Trial marks first major development in court proceedings
Content Warning: This story contains a description of sexual assault.
More than a year after he was charged with sexually assaulting a Western Washington University student, 38-year-old Timothy A. Kennedy’s case has a trial date: April 15, 2021.
On Jan. 12, Judge Robert Olson ordered the defense be given a Zoom or face-to-face interview with the student by March 25.
This decision came after Kennedy’s attorney, Alexander Ransom, filed a motion requesting a face-to-face interview at least a month before trial and said a phone interview wouldn’t be adequate for representation of his client. Kennedy has been charged with rape in the third degree, which Washington state code defines as engaging in forcible sexual intercourse when the victim’s lack of consent was expressed by words or conduct, or the perpetrator threatens substantial harm to the victim’s property. It is punishable by up to five years in prison and/or a $10,000 fine.
In the motion, Ransom cited the legal precedents State v. Wilson and Lord v. Wood to support his request. In State v. Wilson, judges wrote that a defendant’s due process rights include the right to interview a witness prior to trial. In Lord v. Wood, judges wrote “a witness’s testimony consists not only of the words he speaks or the story he tells, but of his demeanor and reputation.”
The prosecution agreed to arrange a meeting but asked the court to be flexible with the deadline. The signed order states both attorneys will appear in court March 9 to decide whether the set date for the interview is a realistic possibility.
At the time of his arrest, Kennedy was employed by Whatcom County as a Planner II. The Whatcom County website currently lists Kennedy as a permit center planner in the Building Services department. Tyler Schroeder, the Whatcom County deputy executive, said in an email to The Western Front that it would be inappropriate for the county to comment until the case has been resolved in the court. He did not confirm whether or not Kennedy is still employed with the county.
Police records show Kennedy was arrested Jan. 19, 2020, after the student told University Police Kennedy assaulted her in early December 2019.
According to the police report, the student said she first met Kennedy after matching on Tinder, where he used the name “Jake.” Kennedy told police in his initial interview that he made the Tinder account because his wife was out of town and he was bored. He told police he was only looking to “hook-up” and his profile reflected that, but didn’t include other personal information or that he was married.
The student met Kennedy at her dorm in early November 2019 and they had a sexual encounter on campus. After their initial contact, the student said she ignored Kennedy’s subsequent attempts to meet until Dec. 7, 2019, when she agreed he could come to her dorm.
The student said Kennedy began to kiss her and she told him she didn’t want to have sex with him, to which he agreed.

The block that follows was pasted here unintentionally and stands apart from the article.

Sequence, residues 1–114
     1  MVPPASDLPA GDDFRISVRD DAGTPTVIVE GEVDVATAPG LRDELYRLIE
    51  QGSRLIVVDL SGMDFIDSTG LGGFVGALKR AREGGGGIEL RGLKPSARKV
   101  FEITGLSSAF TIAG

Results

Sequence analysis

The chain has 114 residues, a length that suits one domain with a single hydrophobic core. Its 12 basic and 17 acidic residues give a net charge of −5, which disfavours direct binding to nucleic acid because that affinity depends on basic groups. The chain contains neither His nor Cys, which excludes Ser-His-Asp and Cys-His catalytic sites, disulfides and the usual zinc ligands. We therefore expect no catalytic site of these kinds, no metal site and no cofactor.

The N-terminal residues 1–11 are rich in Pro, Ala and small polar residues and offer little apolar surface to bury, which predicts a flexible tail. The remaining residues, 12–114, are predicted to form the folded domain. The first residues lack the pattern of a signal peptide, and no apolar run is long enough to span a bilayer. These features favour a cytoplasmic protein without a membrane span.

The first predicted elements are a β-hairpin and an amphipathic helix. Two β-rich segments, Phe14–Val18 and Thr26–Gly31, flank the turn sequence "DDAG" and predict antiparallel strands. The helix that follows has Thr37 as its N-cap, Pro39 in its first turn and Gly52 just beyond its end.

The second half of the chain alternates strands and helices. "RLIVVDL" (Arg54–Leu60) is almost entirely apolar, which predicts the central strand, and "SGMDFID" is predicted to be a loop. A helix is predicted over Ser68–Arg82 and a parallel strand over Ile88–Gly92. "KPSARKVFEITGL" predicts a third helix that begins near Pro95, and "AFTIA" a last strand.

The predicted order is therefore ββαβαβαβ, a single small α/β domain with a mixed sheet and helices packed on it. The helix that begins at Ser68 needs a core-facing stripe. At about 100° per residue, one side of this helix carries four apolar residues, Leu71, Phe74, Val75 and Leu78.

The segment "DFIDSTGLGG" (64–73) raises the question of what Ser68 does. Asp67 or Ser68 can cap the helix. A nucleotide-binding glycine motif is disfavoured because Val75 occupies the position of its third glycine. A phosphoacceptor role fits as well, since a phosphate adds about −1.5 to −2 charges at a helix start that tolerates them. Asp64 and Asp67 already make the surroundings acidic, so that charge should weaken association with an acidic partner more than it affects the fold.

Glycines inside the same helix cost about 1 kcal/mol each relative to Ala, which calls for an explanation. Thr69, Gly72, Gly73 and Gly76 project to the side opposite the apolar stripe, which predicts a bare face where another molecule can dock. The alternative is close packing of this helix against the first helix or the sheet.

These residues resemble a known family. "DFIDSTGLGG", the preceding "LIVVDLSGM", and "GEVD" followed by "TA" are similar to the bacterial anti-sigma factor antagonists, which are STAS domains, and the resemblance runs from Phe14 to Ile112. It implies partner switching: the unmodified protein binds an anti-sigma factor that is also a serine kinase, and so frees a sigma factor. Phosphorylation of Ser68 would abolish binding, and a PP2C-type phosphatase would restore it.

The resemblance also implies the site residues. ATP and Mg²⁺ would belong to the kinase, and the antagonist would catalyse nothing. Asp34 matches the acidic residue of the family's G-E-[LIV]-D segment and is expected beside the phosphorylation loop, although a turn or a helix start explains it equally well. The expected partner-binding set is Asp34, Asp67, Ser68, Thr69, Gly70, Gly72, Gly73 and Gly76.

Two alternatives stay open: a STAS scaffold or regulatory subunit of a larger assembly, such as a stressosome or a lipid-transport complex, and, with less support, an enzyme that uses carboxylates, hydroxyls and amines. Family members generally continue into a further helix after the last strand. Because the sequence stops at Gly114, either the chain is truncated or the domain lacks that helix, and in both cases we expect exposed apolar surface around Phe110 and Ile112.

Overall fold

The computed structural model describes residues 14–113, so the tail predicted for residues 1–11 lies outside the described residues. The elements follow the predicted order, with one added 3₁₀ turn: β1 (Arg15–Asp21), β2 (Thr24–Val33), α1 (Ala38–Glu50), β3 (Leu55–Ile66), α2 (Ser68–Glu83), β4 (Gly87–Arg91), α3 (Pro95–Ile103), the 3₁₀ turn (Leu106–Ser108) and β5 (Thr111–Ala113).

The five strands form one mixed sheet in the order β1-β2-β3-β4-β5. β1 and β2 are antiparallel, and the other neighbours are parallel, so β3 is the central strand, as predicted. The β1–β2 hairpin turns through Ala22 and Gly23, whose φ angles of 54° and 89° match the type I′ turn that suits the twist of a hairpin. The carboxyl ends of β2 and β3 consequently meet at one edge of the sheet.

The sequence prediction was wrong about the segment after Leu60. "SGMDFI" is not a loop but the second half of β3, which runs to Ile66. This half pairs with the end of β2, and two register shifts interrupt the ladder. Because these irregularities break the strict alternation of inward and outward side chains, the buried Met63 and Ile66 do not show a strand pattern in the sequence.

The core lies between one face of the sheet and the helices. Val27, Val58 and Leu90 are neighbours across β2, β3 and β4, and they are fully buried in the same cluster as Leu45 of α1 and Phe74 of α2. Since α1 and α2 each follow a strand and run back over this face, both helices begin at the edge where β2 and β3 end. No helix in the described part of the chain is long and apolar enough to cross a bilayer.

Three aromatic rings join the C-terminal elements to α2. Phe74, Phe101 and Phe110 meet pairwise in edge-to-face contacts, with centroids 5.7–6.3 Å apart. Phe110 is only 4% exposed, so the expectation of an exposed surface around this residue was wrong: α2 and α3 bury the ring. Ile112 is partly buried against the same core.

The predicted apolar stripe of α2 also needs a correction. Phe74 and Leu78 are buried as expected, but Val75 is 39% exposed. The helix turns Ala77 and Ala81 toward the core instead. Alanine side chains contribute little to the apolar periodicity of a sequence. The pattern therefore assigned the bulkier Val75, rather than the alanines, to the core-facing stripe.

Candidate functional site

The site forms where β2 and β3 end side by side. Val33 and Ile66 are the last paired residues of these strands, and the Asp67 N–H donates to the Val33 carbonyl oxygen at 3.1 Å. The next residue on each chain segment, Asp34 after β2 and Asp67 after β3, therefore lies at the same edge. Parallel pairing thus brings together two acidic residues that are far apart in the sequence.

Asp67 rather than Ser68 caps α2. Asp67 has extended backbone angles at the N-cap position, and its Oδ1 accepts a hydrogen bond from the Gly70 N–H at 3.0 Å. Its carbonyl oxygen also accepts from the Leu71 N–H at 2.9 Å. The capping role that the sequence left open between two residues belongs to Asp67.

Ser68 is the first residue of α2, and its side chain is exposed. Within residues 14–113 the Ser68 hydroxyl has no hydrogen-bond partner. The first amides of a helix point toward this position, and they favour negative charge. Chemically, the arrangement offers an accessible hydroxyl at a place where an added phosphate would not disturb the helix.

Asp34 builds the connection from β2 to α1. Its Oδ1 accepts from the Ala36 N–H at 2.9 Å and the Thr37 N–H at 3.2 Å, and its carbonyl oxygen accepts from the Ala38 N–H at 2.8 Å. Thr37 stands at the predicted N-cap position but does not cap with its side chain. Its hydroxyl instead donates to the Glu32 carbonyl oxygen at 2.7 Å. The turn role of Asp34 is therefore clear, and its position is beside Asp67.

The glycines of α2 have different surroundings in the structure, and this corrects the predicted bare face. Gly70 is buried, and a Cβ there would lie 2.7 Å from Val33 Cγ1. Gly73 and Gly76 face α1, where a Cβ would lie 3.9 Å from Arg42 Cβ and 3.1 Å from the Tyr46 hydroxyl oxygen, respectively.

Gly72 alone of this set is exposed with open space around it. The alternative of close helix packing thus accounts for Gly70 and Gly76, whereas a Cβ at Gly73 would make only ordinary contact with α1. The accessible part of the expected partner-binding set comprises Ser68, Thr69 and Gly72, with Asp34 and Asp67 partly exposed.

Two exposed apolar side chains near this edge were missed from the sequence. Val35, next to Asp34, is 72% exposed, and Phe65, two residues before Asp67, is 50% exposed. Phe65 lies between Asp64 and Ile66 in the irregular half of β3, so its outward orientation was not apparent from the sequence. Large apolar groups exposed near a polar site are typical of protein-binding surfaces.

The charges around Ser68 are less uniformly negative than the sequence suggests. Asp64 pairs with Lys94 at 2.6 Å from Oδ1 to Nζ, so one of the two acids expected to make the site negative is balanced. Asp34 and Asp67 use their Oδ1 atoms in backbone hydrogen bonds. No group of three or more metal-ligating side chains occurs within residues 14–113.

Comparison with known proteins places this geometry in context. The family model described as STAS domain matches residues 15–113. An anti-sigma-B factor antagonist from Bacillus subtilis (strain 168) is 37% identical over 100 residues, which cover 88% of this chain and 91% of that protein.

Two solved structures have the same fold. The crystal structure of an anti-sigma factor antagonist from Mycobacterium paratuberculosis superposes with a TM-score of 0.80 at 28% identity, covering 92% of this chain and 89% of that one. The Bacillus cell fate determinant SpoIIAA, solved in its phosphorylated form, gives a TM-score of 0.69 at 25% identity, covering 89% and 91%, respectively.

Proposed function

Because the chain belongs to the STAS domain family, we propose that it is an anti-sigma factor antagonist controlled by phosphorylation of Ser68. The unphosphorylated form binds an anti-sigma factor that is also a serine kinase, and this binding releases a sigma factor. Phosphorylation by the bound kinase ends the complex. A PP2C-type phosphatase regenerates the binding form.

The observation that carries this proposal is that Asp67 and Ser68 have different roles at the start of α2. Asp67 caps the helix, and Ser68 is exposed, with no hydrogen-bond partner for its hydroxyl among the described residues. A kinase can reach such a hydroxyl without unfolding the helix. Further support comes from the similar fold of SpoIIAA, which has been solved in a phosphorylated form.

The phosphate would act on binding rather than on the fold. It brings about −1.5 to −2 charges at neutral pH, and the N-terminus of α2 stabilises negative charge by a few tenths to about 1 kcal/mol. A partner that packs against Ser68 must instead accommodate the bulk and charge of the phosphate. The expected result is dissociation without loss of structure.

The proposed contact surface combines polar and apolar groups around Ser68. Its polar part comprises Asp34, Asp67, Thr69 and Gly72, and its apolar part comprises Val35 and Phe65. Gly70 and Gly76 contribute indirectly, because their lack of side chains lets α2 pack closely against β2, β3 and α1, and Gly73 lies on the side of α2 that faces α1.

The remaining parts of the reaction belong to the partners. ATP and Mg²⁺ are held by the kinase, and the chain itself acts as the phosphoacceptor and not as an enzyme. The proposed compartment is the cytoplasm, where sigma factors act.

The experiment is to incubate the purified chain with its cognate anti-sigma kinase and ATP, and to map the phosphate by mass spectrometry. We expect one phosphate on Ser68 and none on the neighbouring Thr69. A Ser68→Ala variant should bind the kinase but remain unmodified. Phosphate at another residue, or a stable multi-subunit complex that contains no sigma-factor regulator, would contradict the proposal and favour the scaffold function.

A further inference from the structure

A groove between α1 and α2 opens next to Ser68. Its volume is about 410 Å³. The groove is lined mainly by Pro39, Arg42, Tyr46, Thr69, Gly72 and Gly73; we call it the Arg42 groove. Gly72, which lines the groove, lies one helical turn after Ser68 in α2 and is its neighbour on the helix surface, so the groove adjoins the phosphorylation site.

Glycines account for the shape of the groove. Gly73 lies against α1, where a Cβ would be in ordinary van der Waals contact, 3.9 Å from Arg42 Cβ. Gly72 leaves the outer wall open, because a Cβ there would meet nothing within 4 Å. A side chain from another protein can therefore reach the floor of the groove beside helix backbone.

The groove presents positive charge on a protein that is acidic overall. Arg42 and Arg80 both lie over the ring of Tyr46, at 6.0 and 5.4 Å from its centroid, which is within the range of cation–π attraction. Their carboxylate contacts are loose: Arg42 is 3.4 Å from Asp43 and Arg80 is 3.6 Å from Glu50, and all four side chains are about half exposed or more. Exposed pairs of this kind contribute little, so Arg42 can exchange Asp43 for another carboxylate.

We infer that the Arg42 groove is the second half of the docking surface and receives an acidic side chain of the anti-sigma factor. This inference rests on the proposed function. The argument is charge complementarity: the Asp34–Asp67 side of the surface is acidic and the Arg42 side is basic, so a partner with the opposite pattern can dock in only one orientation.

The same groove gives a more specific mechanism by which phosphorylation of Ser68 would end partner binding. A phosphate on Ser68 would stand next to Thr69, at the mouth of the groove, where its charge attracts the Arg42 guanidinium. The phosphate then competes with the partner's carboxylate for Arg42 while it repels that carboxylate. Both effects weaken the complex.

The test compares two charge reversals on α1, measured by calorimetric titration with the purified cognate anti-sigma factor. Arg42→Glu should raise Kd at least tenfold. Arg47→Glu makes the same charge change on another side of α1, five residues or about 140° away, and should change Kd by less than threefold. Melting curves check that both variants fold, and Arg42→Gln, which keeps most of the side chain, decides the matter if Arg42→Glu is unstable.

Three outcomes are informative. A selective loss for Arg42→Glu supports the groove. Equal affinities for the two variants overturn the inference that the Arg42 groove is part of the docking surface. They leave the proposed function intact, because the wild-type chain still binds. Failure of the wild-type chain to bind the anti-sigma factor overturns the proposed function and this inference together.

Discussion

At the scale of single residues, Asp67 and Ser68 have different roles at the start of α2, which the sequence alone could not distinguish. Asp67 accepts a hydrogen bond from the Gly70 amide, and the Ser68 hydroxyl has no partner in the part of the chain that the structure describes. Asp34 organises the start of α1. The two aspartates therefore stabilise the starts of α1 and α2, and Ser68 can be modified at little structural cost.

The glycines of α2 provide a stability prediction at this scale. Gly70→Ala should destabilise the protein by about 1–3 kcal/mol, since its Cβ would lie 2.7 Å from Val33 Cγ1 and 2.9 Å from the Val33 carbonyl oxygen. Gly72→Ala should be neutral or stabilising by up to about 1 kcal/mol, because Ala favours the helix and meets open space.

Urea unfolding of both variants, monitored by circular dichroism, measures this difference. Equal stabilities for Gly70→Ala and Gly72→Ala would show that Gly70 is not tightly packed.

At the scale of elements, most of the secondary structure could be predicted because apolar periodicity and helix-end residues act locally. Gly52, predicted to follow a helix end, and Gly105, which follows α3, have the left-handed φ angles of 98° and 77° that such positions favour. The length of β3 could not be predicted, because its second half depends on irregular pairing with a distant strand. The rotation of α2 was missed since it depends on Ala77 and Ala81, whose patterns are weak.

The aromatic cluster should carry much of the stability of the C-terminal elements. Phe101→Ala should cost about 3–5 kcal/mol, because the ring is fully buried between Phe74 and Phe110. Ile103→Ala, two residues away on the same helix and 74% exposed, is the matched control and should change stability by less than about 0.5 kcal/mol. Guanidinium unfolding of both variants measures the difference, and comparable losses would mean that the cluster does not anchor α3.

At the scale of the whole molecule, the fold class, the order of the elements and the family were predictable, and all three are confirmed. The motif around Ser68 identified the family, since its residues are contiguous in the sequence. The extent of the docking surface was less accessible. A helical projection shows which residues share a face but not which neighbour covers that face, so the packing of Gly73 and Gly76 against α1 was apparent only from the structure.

In Kennedy’s first interview with police, he confirmed she verbally told him she didn’t want to have sex and he told her they didn’t have to. He also said the student invited him to her dorm after she had been in an argument with a family member and was visibly distraught, but he continued engaging in sexual acts.
Police records show Kennedy agreed to be interviewed but declined to be recorded during the interview.
The police report states Kennedy repeatedly touched the student after she told him “no” multiple times. The student said Kennedy then proceeded to sexually assault her and she reacted by screaming — Kennedy then dressed and ran out of her dorm. Kennedy deleted his Tinder account after the second encounter.
Court documents and police records show a protective order has been issued for the student until a judgment is delivered, and University Police issued Kennedy a WWU Trespass Warning Jan. 31, 2020. Police records state this warning means Kennedy isn’t allowed anywhere on Western’s campus.
Bail was set at $5,000 during Kennedy’s preliminary hearing on Jan. 21, 2020, which court documents show was posted later that day.
Since then, the case has been granted multiple continuances. Continuances are preparation extensions granted to the prosecution or defense before or during a trial. They are common in trial cases as both sides work to build evidence and prepare for trial. The April 15 trial could be subject to another continuance depending on what is decided at the March 9 hearing.
Online dating sites are commonly used by students hoping to meet new people. According to a report for Brigham and Women’s Hospital by Meredith Jean Scannell, staff nurse at Brigham and Women’s Hospital in the Center for Clinical Investigation, 50% of college students use online dating sites, and 83.7% of those students will meet someone face to face after connecting online.
According to Scannell’s report, 72% of online dating sexual assaults occur at one of the individuals’ homes, but many go unreported. This can be due in part to the confusing and lengthy judicial process.
Domestic Violence and Sexual Assault Services of Whatcom County is a local non-profit that assists survivors with difficult processes such as legal proceedings.
“We can refer survivors to legal advocates who can help explain the reporting process,” Nicole Berman, executive director of DVSAS, said.
DVSAS also has a 24-hour helpline that can be reached at 1-877-715-1563.Western offers support for survivors of sexual assault through the Office of Civil Rights, the Office of Student Life, Consultation and Sexual Assult Support and the Counseling Center.